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Ben Roberts-Smith trial: newspapers’ lawyers deny ‘deal’ with witness to ‘steer clear’ of evidence about alleged killing | Ben Roberts-Smith

Lawyers for the newspapers being sued by Ben Roberts-Smith told one of his former comrades they would “steer clear” of questioning him about an alleged war crime killing he committed in Afghanistan if he agreed to testify about a key murder allegation against Roberts-Smith, it has been claimed in the federal court.

The former SAS soldier, anonymised before court as Person 56, served alongside Roberts-Smith in Afghanistan in 2009 and 2012.

Person 56 has been subpoenaed to give evidence, but is seeking to be excused from appearing. His lawyer told the court he is suffering serious health conditions and has a terminally-ill family member. “Life is a bit of a shit-fight,” the court heard on Friday.

Roberts-Smith is suing the Age, the Sydney Morning Herald and the Canberra Times over reports he alleges are defamatory and portray him as committing war crimes, including murder, as well as acts of bullying and domestic violence.

The newspapers are pleading a defence of truth. Roberts-Smith denies any wrongdoing.

In 2009, Person 56 was part of the Gothic 2 patrol commanded by Roberts-Smith that conducted a raid on the village of Darwan, in Afghanistan’s Uruzgan province. The court has heard previously that Person 56 was sent away – ostensibly to return an interpreter to another patrol in the village – during a critical stage of that mission.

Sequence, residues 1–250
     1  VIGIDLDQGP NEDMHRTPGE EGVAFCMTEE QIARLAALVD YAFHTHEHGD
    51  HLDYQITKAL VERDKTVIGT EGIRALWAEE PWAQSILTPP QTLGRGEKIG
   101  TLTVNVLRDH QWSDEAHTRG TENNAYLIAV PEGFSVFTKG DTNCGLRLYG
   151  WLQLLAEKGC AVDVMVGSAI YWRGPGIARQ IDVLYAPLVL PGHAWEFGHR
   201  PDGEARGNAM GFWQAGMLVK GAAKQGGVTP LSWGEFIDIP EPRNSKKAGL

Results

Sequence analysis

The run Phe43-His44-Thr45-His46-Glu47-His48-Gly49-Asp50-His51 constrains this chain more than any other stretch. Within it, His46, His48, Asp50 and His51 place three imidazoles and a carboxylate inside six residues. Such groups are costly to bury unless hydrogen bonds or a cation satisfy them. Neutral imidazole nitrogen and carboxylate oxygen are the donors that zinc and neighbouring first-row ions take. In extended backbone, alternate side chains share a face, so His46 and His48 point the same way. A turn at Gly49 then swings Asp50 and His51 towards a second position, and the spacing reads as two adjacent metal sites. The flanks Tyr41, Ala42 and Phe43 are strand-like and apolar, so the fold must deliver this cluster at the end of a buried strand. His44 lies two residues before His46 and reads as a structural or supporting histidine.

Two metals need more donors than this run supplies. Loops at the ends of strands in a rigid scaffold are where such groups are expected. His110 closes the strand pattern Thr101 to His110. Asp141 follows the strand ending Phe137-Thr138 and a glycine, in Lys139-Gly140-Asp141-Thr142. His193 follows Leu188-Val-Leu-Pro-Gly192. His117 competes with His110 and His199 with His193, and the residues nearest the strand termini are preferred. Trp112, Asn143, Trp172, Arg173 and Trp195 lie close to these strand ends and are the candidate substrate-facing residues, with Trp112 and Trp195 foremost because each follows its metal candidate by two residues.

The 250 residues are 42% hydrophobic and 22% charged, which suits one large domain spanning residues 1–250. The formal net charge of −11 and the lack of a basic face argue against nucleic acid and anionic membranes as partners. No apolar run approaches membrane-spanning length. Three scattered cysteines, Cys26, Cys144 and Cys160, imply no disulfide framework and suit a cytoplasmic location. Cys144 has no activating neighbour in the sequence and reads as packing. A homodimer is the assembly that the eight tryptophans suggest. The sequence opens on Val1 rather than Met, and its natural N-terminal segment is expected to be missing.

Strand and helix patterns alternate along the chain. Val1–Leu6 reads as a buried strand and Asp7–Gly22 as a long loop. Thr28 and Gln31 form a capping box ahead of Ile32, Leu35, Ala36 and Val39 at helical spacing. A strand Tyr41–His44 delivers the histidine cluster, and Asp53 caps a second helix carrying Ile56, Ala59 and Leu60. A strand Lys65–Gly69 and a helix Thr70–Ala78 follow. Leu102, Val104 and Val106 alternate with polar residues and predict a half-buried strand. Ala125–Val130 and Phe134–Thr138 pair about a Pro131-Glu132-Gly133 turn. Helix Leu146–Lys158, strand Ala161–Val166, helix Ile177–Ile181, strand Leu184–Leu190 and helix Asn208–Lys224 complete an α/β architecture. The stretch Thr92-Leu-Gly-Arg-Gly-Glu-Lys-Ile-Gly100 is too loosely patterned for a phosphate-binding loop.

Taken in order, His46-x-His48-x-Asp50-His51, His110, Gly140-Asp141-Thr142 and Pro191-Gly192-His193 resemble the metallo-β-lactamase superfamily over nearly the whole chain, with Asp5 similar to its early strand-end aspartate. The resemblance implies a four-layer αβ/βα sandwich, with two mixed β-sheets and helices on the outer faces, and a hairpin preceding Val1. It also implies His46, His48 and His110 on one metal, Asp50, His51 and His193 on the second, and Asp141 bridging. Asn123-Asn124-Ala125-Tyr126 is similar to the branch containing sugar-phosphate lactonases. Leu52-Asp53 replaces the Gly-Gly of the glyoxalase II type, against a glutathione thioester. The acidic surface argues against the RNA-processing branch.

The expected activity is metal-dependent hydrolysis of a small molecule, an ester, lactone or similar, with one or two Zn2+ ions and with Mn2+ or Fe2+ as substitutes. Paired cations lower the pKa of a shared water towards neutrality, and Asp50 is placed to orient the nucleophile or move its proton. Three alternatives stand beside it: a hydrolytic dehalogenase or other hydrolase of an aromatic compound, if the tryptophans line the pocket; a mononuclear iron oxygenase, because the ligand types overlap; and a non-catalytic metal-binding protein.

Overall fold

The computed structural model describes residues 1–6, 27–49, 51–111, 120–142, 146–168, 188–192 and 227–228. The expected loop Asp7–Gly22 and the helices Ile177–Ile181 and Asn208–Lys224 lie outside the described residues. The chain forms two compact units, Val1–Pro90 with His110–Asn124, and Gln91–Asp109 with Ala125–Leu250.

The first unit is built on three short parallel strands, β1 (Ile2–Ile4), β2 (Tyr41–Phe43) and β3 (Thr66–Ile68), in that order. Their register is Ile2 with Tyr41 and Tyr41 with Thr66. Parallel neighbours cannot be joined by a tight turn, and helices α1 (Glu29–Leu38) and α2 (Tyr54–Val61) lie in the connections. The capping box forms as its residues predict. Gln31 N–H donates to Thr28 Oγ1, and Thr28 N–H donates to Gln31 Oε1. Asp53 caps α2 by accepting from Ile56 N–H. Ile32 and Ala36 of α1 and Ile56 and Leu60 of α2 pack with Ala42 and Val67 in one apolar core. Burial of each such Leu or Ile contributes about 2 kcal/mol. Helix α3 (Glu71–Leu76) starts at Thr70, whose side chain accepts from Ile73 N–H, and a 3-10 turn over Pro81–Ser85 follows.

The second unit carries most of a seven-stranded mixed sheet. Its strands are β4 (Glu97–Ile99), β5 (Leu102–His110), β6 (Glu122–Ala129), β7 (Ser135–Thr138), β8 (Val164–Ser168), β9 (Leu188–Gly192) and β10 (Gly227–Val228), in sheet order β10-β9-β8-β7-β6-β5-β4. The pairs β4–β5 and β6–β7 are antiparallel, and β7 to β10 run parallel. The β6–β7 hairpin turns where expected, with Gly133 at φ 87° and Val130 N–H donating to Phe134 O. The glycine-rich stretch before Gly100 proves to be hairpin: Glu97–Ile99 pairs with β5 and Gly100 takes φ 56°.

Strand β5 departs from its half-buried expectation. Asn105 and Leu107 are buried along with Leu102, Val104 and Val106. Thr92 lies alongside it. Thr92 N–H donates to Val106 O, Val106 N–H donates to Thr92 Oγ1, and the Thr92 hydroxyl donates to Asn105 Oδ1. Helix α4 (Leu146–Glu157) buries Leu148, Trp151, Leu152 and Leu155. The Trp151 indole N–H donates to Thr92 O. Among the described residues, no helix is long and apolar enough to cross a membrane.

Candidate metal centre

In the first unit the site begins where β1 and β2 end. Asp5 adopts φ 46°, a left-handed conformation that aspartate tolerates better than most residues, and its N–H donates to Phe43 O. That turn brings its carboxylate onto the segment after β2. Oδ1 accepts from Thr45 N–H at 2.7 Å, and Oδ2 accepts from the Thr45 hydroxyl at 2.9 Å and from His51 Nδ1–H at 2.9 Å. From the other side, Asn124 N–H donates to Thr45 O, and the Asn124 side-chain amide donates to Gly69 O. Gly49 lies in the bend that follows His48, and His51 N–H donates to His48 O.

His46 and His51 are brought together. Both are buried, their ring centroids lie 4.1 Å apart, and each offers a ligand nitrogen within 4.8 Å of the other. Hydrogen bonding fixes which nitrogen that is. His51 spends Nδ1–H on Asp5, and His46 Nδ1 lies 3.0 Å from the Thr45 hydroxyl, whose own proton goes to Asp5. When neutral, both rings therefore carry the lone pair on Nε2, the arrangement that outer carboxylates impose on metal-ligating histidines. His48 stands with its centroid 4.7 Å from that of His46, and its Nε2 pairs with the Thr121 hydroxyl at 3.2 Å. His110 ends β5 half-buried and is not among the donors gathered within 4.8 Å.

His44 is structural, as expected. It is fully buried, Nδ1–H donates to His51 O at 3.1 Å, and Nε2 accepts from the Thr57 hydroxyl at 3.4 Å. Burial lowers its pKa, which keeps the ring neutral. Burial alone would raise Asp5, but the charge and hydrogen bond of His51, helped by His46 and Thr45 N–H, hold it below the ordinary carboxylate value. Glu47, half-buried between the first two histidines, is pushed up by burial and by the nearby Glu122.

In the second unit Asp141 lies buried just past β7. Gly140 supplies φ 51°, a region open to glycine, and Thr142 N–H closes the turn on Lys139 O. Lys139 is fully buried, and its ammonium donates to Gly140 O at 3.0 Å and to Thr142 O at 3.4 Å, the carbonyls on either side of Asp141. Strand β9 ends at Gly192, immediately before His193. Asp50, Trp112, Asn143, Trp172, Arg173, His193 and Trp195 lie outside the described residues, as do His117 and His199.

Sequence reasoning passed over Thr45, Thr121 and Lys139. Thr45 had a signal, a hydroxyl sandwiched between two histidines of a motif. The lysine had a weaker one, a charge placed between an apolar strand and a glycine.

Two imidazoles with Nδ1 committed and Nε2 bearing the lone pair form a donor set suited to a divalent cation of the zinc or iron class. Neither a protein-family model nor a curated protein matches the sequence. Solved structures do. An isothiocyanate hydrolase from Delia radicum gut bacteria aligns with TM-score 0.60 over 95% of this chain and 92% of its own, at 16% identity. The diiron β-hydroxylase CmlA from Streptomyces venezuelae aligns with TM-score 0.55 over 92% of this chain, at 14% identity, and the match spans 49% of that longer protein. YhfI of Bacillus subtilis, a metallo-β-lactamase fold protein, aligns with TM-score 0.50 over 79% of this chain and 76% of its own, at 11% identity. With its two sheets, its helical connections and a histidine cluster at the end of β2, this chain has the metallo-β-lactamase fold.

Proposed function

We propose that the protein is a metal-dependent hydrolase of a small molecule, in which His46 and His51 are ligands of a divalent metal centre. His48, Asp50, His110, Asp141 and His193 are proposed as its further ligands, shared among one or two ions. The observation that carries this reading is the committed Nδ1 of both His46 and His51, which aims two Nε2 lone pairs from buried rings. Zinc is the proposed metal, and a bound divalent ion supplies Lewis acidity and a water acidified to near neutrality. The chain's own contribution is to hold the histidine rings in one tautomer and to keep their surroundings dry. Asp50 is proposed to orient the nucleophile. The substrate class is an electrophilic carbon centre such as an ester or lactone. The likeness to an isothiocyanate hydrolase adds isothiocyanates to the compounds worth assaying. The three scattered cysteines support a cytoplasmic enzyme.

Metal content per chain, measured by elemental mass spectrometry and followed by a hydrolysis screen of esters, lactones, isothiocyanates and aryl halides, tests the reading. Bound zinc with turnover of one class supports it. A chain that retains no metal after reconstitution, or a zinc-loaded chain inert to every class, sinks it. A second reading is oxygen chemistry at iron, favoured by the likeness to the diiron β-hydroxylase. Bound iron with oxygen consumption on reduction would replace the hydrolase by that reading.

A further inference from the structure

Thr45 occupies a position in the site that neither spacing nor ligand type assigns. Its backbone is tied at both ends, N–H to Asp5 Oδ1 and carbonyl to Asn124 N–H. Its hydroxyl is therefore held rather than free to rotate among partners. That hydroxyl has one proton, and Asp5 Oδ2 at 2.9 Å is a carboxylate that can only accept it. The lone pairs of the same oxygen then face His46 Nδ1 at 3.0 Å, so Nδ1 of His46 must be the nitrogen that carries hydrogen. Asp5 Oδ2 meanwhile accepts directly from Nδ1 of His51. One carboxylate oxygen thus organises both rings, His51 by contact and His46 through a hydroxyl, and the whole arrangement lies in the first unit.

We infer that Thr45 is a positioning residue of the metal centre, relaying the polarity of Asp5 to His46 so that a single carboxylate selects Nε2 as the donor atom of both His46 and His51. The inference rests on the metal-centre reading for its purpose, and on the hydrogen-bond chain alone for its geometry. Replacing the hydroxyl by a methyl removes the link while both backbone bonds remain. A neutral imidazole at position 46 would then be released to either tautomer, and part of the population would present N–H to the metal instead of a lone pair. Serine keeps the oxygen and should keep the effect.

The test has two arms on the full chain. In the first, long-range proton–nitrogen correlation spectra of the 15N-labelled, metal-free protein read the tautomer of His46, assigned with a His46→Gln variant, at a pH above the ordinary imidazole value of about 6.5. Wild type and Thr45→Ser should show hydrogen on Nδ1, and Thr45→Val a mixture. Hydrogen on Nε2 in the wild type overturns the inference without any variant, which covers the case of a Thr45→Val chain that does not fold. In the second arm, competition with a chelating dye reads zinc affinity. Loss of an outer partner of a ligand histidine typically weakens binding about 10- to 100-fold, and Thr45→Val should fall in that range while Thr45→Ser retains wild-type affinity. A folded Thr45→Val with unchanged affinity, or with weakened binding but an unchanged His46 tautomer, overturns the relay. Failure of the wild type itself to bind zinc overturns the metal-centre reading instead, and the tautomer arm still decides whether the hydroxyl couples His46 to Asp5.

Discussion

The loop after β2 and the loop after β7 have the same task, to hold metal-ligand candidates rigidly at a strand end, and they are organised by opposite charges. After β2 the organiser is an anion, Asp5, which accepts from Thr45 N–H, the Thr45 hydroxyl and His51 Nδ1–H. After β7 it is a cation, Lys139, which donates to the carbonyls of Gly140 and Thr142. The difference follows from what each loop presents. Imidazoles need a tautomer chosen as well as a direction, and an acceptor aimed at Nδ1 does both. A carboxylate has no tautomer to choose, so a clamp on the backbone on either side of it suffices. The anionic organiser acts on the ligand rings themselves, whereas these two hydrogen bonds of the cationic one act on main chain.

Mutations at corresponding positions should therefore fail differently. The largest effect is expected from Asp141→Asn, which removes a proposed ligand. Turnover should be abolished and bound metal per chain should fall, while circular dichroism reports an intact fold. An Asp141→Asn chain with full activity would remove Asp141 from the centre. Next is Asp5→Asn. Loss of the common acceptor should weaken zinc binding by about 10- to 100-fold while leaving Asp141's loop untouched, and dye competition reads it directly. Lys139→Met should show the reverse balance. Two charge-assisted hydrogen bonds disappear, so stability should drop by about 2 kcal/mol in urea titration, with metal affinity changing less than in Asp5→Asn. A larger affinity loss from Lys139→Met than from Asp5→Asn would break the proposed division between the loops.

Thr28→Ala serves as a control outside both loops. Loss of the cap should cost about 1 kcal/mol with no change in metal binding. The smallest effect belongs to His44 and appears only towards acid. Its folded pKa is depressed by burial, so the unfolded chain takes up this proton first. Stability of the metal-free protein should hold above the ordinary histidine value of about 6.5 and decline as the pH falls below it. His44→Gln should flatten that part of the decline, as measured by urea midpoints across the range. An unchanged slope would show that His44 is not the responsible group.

The newspapers allege in their defence that on that mission Roberts-Smith took an unarmed, handcuffed Afghan farmer, named Ali Jan, forced him to kneel near the edge of a 10-metre cliff, and kicked him off, before being involved in shooting Jan and dumping his body in a nearby field.

Roberts-Smith denies the allegations, and has previously told the court “there was no cliff … there was no kick”, and that the man purported to be Ali Jan was an enemy “spotter” who was lawfully killed in a cornfield within the military’s rules of engagement.

There is dispute between the newspapers and Roberts-Smith’s legal team about how long Person 56 was separated from his patrol, and where he and the interpreter were during the period that Ali Jan was allegedly in custody and allegedly murdered.

Person 56 was also present on an SAS operation in Fasil, in southern Uruzgan province, on 5 November 2012.

Last week, the court heard evidence from a soldier who claims Roberts-Smith boasted about shooting a captive, unarmed and handcuffed Afghan teenager who had been a passenger in a ute stopped by Australian troops. The newspapers allege Roberts-Smith shot him with his pistol, and the court heard from a former comrade last week who said Roberts-Smith told him: “I pulled out my 9mm, shot the cunt in the side of the head, blew his brains out. It was the most beautiful thing I’ve ever seen.”

Roberts-Smith also denies that allegation, and has told the court he never used his pistol while on deployment in Afghanistan.

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The federal court heard on Friday that the newspapers believe Person 56 was also responsible for killing a person during the Fasil mission.

An emailed transcript of a phone call from a lawyer for the newspapers to Person 56’s counsel was read into court: “We know that Person 56 was the other person involved in the mission in Fasil and that he was a person who killed somebody.”

Lawyers for the newspapers have been seeking, over a number of years, to have Person 56 appear in this trial. Person 56 is seeking to be excused from giving evidence on account of the mental harm it would cause him.